A Hollywood makeover?
This summer has seen the emergence of a kinder, gentler Arnold Schwarzenegger. The governor has noticeably toned down his rhetoric and begun focusing almost exclusively on issues other than his hard-edged "year of reform" initiatives headed for the fall ballot.
You've heard the criticism that Schwarzenegger has "attacked" teachers? Compare that with the statement the governor's office issued today in response to improved test scores among California students:
"I want to thank the many excellent California teachers who went the extra mile to help their students meet and overcome the challenges they faced in taking these exams. Their professionalism and commitment to their students is reflected in these improved scores. We must do everything we can to reward these hard-working, dedicated teachers and give them the tools they need to be successful."
Schwarzenegger has also tried to maximize the good will engendered by new regulations adopted by the administration in response the the heat-related deaths this summer of farmworkers and others who labor in the sun. His last public event before leaving on vacation at an undisclosed, out-of-state location was a trip to a Central Valley ranch to visit with farmworkers. Photos and videos were prominently displayed on his official Web site all the time he was gone.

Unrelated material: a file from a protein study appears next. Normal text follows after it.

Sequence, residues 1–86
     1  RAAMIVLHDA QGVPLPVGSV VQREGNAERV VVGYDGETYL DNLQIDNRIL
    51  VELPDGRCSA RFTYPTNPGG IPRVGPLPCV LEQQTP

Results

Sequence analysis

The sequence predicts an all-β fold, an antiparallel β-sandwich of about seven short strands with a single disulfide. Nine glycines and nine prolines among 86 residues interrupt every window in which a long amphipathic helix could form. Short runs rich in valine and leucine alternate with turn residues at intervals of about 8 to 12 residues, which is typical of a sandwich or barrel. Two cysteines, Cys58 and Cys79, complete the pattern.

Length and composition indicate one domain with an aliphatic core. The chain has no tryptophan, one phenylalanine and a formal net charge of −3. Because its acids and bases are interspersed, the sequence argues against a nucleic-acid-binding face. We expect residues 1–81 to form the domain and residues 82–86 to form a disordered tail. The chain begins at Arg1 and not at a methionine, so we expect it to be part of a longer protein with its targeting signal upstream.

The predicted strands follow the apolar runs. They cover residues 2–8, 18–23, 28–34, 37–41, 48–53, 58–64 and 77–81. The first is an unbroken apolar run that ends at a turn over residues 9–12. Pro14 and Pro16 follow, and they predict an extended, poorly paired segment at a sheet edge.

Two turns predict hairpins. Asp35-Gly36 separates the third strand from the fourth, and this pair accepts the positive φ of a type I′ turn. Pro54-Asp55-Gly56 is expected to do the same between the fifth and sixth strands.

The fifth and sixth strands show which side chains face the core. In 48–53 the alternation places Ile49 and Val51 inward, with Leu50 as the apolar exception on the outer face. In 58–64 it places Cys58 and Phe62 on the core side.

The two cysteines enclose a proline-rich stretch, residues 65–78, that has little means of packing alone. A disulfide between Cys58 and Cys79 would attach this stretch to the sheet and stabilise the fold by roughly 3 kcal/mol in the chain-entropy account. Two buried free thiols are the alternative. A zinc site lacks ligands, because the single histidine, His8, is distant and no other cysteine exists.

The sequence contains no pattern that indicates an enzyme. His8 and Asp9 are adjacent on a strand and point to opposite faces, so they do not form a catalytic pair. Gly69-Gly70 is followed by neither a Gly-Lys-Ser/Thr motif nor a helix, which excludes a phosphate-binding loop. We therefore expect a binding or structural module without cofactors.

With any hope of a negotiated settlement to the coming ballot-box battle with Democrats now dead, his political foes seem to be daring him to go back on the partisan warpath. In declaring negotiations hopeless this morning, Senate President Pro Tem Don Perata said public opinion against the governor "has really hardened below the Mendoza Line." That's a baseball reference that indicates the point at which a major league player must keep his batting average to avoid being shipped to the minors.